Who Benefits and Who Loses in this Catholic California Hospital Merger? Nurses Make Their Case

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Wrong-Way

January 20, 2016; Lost Coast Outpost (Humboldt County, CA)

Hospital systems across the country are responding to the Affordable Care Act (ACA) by consolidating in unprecedented levels. Opponents of the mergers call into question whether they are able to better serve their patients while delivering quality value-based healthcare. In July 2015, St. Joseph Health System (SJHS) in Orange County in California requested state attorney general Kamala Harris to approve a “Health System Combination Agreement” (HSCA) that would merge St. Joseph and Providence Health & Services, both Catholic hospital systems. St. Joseph owns St. Joseph Hospital in Eureka and Redwood Memorial Hospital in Fortuna. Providence Health and Services (PH&S) operates 34 hospitals, 475 physician clinics, 22 long-term care facilities, 19 hospice and home health programs, and 693 supportive housing units. Should the merger be approved, it would create one of the largest Catholic hospital systems in the U.S.

St. Joseph Health CEO Deborah Proctor announced, “We are two mission-focused organizations which truly have the potential of being better together, delivering outstanding clinical care and providing a compassionate presence in all the communities we serve.”

Jan Emerson Shea, a spokeswoman with the California Hospital Association, says, “The ACA really calls for hospitals and all other providers to become much more efficient and reduce costs and improve quality of care…and to look at what’s called the ‘continuum of care.’” She goes on to say, “There are also a lot of the administrative functions like overhead costs, insurance, contract negotiations that can be streamlined and get more efficient.”

National Nurses United (NNU), the largest union of professional registered nurses in the U.S., begs to disagree. NNU, representing over 185,000 registered nurses in the systems around the country, has called on AG Harris to conduct a full review of the HSCA to assess the impact of the merger. A press release last week described NNU’s concerns: “NNU has laid out its substantial concerns about the impact of the proposed merger of these two hospital systems on patients, taxpayers, RNs and other employees, and the affected communities,” said Malinda Markowitz, an NNU vice president. “We are opposed to any and all mergers that don’t guarantee patients and their communities a higher standard of care.”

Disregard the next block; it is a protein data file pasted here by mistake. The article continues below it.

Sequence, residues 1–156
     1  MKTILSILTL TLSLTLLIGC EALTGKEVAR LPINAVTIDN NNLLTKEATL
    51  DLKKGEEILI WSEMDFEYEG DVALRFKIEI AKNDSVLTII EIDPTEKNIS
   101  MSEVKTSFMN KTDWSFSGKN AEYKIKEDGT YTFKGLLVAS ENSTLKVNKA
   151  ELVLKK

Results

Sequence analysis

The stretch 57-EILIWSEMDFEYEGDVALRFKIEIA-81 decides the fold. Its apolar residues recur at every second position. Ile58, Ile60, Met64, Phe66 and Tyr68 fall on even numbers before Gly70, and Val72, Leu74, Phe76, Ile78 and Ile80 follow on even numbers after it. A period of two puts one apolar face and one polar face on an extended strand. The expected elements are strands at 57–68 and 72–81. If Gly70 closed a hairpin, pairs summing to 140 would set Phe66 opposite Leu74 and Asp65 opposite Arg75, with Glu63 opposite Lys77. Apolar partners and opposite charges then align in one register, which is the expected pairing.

Specifically, the union requests scrutiny of the impact the merger would have on charity care and other community benefits. The HSCA lays out no specifics on how consolidation would effect the underserved, including the poor and the vulnerable.

SJHS has a track record of providing less charity care than other California nonprofit hospitals systems, at 1.63 percent of its 2014 operating expenses down from 2013’s 1.8 percent. PH&S’s is only slightly better, with a 1.52 percent in 2014 of its operating expenses. The average for other Catholic hospital contributions is 2.5 percent.

NNU contends that the merger will lead to a reduction of essential services, particularly for “beginning of life” and “end of life” services prohibited by the Catholic Church. The RNs have identified a host of other services currently provided by the systems but not covered by the commitment to cover key services.

NNU also calls into question the systems’ contention that the merger is “mission based.” The union observes that the HSCA would reap significant hospital benefits, yet the agreement does not specify how those profits would be used to benefit the communities they serve. While the hospital systems contend that having more market power is a good thing, NNU argues that many studies indicate that because consolidated entities have more clout, they are able to charge higher rates to patients while negotiating higher reimbursements from insurance companies.

NNU’s stake in the merger is in ending the violation of nurses’ rights, particularly SJHS’s violation of federal labor laws by campaigning against RNs seeking to better advocate for patients and using tax-exempt revenue for union-busting. The association contends that low staffing levels, unsafe conditions, rotating shifts and wages and healthcare benefits contribute to diminished safety for patients. NNU wants patient safety regulations and protections added to their contract. Nursing World supports the argument, reporting that optimal staffing levels have been shown to reduce medical and medication errors, decrease patient complications, decrease mortality, improve patient satisfaction, reduce nurse fatigue, decrease burnout, and improve nurse retention.

Nursing unions are applying more heat to hospitals. In May 2015, thousands of nurses in the Kaiser and Sutter hospitals, along with the Oakland Children’s Hospital & Research Center, went on strike. At the same time, the National Right to Work Legal Defense Foundation (NRTW) has been telling nurses represented by the California Nursing Association and NNU that they have the right to rebuff the unions’ strike demands. NRTW contends that the unions’ tactics are motivated largely by self-interest and filling its coffers with member dues. The organization accuses the unions of “decades-long history of disciplining, fining and abusing workers who do not kowtow to their dictates.”

Healthsource Global, a healthcare-staffing agency, is gearing up to be able to provide staffing to hospitals with RN threat to strike. In fact, Healthsource is now recruiting RNs with licenses to practice in California in preparation for a large California strike in Spring 2016.—G. Meredith Betz